Background: Clinicians treating coronary revascularization patients need to be able to identify those who require more intensive medical therapy or follow-up. However, predictors of survival after coronary revascularization are often reported in terms of hazard ratios, which are accurate but difficult to convert to concrete values. We sought to develop a more practical and user-friendly method of predicting long-term survival in revascularization patients. Methods: We used a decision-tree induction algorithm to retrospectively examine all-cause mortality during 3-year follow-up in 3331 consecutive patients with multivessel or single proximal left anterior descending coronary artery disease who underwent an isolated first revascularization by either coronary stenting or coronary artery bypass graft between 1995 and 1999. Results: Recursive partitioning of the derivation cohort by the algorithm indicated that the best single predictor of long-term mortality was history of congestive heart failure, followed by age greater than 65 years and the presence of renal insufficiency. With these three variables, patients were readily stratified into low-, intermediate-, and high-risk groups whose 3-year mortality risks ranged from 2.0% to 18.8%. Logistic regression revealed nine significant predictors of 3-year mortality, including two interaction terms. Areas under the receiver operation characteristic curve for prediction of 3-year mortality were not significantly different between the decision tree and the logistic regression models [0.72 (95% confidence interval, 0.69 to 0.75) vs. 0.76 (95% confidence interval, 0.73 to 0.80)]. Conclusions: Long-term mortality risk in coronary revascularization patients can be estimated from three predictors that are easily obtained in clinical settings.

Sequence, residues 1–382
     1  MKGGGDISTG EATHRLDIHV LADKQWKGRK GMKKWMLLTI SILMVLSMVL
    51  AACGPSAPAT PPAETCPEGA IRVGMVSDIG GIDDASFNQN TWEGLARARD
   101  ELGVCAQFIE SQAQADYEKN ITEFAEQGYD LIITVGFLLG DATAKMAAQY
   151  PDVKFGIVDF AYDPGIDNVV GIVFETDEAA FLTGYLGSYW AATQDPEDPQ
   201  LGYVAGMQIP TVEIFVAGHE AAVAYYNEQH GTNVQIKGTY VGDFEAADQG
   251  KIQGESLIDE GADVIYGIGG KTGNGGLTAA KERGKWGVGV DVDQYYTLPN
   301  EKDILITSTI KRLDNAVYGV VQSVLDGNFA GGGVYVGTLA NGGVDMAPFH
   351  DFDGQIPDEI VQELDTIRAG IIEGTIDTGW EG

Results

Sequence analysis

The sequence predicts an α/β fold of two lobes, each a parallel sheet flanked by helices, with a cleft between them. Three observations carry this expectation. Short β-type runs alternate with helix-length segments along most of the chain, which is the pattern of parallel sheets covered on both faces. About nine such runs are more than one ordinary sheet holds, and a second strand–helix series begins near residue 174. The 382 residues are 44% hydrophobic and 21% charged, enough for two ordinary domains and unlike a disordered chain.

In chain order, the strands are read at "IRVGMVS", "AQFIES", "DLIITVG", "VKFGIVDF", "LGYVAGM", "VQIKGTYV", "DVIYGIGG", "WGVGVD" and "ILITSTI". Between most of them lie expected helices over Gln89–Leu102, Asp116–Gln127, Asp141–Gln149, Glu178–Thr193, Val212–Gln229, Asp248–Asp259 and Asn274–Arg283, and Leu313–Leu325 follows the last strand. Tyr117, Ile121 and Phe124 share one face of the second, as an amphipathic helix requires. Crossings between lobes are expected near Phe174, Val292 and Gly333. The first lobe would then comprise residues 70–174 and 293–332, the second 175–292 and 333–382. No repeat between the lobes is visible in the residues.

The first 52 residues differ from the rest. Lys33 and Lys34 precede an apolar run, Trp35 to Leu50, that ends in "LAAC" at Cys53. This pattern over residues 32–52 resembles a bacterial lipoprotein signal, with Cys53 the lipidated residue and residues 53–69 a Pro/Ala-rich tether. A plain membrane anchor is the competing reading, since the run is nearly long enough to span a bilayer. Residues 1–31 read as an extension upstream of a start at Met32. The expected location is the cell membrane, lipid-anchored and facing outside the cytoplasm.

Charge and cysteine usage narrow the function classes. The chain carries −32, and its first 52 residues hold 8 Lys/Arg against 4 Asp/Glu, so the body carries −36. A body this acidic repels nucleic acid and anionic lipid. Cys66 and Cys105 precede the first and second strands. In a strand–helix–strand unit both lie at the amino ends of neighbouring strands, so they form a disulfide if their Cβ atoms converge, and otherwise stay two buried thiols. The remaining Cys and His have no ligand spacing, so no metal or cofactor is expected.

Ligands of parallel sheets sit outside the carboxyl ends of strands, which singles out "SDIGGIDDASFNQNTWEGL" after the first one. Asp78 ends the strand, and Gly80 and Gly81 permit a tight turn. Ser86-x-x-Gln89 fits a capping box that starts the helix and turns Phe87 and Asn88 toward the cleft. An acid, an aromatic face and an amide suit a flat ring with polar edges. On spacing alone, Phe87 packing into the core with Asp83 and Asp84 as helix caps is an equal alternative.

- Coronary arteriosclerosis
- Myocardial revascularization
ASJC Scopus subject areas
- Cardiology and Cardiovascular Medicine